Dust and lack of light were factors in the crash Friday of an armed forces helicopter that killed 13 people in the town of Santiago Jamiltepec, Oaxaca.
National Defense Secretary Salvador Cienfuegos said the pilot of the Black Hawk helicopter became disoriented by poor visibility when it was about to land in a field at 10:15 that night.
It fell to the ground, landing on several vehicles that were part of an encampment of victims of the 7.2-magnitude earthquake that struck that afternoon. They had left their homes for fear of further damage due to aftershocks, taking shelter in the field.
The aircraft was carrying Interior Secretary Alfonso Navarrete and Governor Alejandro Murat, who had flown to the area to inspect the damage and review aid efforts.
The quake struck at 5:39pm 11 kilometers south of the nearby city of Pinotepa Nacional.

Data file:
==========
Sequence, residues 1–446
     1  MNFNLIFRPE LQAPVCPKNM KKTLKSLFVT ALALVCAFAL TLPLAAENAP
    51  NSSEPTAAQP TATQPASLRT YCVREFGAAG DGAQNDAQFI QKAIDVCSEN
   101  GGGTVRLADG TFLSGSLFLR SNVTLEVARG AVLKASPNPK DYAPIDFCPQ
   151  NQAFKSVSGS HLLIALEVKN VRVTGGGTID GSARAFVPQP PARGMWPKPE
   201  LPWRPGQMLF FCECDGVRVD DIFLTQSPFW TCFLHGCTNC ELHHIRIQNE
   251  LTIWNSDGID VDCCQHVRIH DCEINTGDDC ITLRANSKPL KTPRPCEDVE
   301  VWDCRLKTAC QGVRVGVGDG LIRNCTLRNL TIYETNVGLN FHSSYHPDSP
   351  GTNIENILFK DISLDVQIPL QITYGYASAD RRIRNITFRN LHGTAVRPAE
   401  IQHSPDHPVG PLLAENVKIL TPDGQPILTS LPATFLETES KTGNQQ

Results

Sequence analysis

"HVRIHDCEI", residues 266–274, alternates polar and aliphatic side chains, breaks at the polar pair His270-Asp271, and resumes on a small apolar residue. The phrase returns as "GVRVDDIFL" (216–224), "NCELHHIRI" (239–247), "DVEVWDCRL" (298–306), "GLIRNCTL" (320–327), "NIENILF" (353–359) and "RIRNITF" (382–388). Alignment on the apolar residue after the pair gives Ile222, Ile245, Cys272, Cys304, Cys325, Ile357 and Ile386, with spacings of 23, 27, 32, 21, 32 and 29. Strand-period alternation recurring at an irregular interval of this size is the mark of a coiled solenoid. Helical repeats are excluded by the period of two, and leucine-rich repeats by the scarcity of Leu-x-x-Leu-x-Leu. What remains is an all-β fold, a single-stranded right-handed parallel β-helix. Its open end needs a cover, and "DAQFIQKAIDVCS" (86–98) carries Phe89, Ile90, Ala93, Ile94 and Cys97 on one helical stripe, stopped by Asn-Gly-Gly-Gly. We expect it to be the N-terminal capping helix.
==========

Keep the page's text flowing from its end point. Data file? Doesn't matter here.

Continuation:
On Saturday, Cienfuegos said he assumed full responsibility for the accident and promised aid for the victims, including medical attention, compensation and rebuilding houses damaged by the quake.
Sixteen people, all residents of the community in Oaxaca’s coastal region, were injured in the crash. It was confirmed on Saturday that there were 13 fatalities after earlier reports said there were at least 14 and perhaps as many as 30.
Both Cienfuegos and Governor Murat visited the families of those who died in the accident to express their condolences.
Among them was 20-year-old Eduardo Flores Velasco who, after losing his mother and his older brother, spoke his mind to the Oaxaca governor.
He wondered why the aircraft had not come during the day because there was no electricity in the town, and therefore no light.
“Why fly over an area to inspect houses damaged by the earthquake when the light was so poor that it would have been impossible [to see anything],” Flores said, becoming a spokesman for the community.
Residents were in agreement that a tragedy had been created where before there hadn’t been one.
“For fear of the aftershocks, we went there [to the field] to look after ourselves . . . they made coffee, they were heating tortillas, we were talking when the soldiers told us the governor was coming . . .”
And it all turned into “a terrible tragedy.”